#WednesdayWisdom Series // Oestrogen
🤓 Firstly, what is a hormone? A hormone is a chemical substance, produced by an organ, gland or special cells, that is carried through the bloodstream to regulate the activity of certain organs.
💁🏽 Oestrogen’s main function is to promote tissue growth and cell proliferation in specific areas in the body, specifically our inner reproductive organs, as well as fat distribution on our hips, breasts, abdomen, thighs, and buttocks (basically all our curvy bits).
🌷 There are three main types of estrogen produced in the female body - oestradiol, estrone and estriol. Oestradiol is secreted by the ovaries, oestrone is produced by the adrenal glands and oestriol is a by-product of both oestradial and estrone that is made primarily in the liver.
❤️ Oestrogen maintains the health of the endometrial lining of our uterus, prepares a follicle to release an egg once a month, controls changes in our cervical mucus, and makes our internal environment ideal for sperm, thus promoting fertility in the right circumstances.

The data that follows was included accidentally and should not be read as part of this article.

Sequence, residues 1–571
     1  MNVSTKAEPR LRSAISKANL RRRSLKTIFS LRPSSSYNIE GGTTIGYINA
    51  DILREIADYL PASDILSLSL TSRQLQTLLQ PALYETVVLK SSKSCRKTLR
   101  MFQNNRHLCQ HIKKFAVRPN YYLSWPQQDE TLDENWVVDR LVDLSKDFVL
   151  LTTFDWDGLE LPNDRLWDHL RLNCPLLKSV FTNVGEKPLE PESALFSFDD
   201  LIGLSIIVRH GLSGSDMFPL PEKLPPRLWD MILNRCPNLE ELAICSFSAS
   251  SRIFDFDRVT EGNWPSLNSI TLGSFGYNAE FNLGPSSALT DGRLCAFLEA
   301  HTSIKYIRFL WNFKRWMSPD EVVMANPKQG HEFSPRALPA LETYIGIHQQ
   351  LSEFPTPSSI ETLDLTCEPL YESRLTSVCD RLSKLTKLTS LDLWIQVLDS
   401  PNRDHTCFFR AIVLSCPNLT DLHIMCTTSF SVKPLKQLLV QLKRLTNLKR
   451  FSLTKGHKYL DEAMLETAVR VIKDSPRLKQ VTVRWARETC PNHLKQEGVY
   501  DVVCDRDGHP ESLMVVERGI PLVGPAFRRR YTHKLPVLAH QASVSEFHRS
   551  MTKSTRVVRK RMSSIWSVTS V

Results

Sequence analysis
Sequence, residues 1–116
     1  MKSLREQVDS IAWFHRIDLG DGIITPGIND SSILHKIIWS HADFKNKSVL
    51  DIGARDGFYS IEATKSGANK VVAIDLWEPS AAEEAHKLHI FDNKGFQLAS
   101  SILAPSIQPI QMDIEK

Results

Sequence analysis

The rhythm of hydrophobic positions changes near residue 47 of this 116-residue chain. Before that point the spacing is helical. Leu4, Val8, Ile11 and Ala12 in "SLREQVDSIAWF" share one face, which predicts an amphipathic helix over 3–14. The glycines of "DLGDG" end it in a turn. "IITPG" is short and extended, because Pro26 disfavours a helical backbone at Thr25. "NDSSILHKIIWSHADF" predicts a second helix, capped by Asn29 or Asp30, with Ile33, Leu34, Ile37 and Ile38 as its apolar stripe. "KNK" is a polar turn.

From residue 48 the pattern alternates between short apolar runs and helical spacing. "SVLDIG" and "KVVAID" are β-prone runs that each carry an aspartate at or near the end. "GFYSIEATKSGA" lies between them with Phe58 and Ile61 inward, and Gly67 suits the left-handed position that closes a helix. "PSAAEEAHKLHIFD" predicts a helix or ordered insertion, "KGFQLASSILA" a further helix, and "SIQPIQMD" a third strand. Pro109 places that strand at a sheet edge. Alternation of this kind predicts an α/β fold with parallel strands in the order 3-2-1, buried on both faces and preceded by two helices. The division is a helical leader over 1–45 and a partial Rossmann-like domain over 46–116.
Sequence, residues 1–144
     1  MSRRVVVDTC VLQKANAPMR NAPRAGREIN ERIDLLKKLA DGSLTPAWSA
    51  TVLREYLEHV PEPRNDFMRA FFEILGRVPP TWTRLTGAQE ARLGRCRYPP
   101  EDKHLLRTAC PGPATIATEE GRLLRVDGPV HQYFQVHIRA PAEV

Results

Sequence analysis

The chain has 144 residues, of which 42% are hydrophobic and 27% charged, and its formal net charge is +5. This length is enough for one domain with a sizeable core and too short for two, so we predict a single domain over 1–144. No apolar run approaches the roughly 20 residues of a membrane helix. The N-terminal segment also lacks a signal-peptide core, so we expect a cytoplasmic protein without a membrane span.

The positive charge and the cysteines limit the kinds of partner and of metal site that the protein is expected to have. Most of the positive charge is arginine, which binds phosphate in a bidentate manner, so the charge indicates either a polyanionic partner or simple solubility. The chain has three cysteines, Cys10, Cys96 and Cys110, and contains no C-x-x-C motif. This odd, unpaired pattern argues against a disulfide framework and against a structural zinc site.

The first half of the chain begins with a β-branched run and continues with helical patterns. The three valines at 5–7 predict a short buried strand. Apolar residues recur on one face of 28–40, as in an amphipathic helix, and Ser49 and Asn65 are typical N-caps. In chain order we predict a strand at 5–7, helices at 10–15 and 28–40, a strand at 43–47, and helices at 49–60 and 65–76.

💪🏻 Oestrogen also plays an important role in maintaining our bone mineral density by increasing and promoting the activity of osteoblasts (bone-forming cells). This is why post-menopausal women, who no longer have high oestrogen levels, are at higher risk of osteopenia and osteoporosis than younger women.
😚 Oestrogen is most dominant in the first part of the female menstrual cycle, known as the follicular phase. Low levels of oestrogen (and progesterone) trigger the release of follicle stimulating hormone (FSH), which promotes the maturation of a follicle in the ovaries.
🙇🏼♀️ This follicle releases oestrogen as it matures to prepare the uterus for pregnancy, and thus oestrogen levels steadily rise. On day 12-14, oestrogen reaches its peak, triggering a rise in luteinising hormone, which causes the release of an egg from the follicle.